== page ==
“I used to love those teachable moments.  I was so good at those,” he said to me, sitting across the table, sipping his margarita.

It’s true, I had strong-armed my boyfriend into yet another discussion about education.  I’m not sure how I manage it, but I tend to direct the conversation in this direction frequently.  He kindly obliges, though, as he went to college to be an high school teacher.

I looked across at him, thinking how much of a shame it was that someone who was “so good” at those teachable moments was not, in fact, a teacher.  In my opinion, the best teachers are the ones that can “run with it”–the ones that can, without hesitation, capitalize on those teachable moments.

But then I began to think about it some more–not about whether good teachers can capitalize on teachable moments–but about teachable moments themselves.  They are, by all means, revered by educators.  In fat, it’s hard to get through a course in college without a former teacher referring to their teachable moments, ones where the situation was so ripe for a life lesson or tangential study.  What I began to think about was the concept of a “teachable moment” itself, and how it came to be such a commodity in schools, how we let authentic, inquiry-driven learning slip away from us, and how the moments that are actually “teachable,” per se, are so few and far between that we now have a special name for them.

“Imagine a world, though,” I replied, sipping my margarita, “where every moment in school is a teachable moment.”

And suddenly, moments from the past four months–moments from teaching the smallest, most curious children I’ve ever met–flooded into my mind.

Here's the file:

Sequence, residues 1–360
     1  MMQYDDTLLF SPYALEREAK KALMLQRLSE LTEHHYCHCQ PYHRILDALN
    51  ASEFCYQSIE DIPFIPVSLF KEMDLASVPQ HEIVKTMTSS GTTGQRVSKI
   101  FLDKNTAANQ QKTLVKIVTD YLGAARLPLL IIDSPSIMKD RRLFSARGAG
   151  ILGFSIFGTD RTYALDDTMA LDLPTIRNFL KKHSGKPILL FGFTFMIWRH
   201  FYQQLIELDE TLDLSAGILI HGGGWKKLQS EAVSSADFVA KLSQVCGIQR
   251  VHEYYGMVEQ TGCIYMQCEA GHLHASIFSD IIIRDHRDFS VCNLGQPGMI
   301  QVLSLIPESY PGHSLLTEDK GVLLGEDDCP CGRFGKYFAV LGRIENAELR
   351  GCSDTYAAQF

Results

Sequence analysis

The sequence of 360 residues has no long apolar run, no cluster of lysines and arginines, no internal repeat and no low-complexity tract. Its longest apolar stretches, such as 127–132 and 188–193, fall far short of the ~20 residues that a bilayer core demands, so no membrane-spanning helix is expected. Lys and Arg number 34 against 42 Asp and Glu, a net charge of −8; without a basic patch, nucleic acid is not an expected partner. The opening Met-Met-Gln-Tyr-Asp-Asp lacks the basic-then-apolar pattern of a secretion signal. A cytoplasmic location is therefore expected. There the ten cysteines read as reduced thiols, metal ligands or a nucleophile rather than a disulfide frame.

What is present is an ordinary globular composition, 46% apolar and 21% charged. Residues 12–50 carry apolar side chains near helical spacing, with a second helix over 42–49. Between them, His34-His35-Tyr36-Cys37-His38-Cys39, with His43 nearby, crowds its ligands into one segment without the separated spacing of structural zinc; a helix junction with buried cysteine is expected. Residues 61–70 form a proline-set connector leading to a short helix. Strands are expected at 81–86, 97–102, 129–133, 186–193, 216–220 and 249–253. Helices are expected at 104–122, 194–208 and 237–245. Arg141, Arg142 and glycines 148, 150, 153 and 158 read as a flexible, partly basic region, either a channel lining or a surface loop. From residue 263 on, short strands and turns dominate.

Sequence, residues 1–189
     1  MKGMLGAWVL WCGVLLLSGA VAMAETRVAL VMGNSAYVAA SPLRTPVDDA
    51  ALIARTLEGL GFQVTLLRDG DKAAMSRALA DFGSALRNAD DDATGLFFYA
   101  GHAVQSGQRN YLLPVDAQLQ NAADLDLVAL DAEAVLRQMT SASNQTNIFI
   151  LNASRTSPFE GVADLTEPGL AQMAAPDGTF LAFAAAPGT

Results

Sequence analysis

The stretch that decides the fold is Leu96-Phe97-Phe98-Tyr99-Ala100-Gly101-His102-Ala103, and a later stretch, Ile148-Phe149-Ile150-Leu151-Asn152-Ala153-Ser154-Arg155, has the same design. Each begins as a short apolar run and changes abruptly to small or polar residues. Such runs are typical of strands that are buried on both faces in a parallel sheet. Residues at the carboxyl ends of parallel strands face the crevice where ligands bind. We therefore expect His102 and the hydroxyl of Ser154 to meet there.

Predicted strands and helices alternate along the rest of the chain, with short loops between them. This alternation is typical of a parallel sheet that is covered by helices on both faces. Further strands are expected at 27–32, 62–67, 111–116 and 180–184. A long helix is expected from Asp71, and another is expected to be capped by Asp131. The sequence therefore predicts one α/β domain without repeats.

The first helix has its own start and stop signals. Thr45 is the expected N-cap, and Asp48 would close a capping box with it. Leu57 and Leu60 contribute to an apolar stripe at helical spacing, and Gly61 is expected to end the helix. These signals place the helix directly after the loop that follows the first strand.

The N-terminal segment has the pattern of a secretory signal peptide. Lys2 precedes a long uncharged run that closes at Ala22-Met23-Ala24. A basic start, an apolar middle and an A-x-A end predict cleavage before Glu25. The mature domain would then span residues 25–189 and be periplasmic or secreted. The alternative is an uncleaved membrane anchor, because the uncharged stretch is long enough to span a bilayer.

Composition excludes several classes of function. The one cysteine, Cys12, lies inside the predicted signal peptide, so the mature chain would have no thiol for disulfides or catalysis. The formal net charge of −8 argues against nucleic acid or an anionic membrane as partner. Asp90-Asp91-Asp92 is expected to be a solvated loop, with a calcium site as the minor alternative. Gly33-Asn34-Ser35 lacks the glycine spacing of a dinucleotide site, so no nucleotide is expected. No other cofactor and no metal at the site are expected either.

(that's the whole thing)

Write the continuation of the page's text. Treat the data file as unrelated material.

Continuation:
Teachable moments are great, but sometimes they make you end up in the emergency room.

I remembered when one of my students came in, sharing information about the floods in Chennai, India, sharing their devastation with our class, igniting our curiosities about extreme weather, and allowing me to tie in lessons on measurement and data collection.  I recalled the moment earlier this year where my students collected acorns at the park and we brought them back into the classroom, dissected them, and created observational drawings (although it ended in me cutting a part of my finger off when dissecting them).  I reflected on the moment when my six-year-old student told me he wanted to make a QR code–and we did it.

For whatever reason, my thoughts serendipitously converged in that moment over margaritas, reminding me that teachable moments shouldn’t be such a commodity, and that in the inquiry-based, high-interest, and student-driven classroom, moments should not be the only things that should be teachable; instead, the world around us should be teachable, and learning within our classrooms real, relevant, and readily applicable to the interests, affinities, and values of our children.

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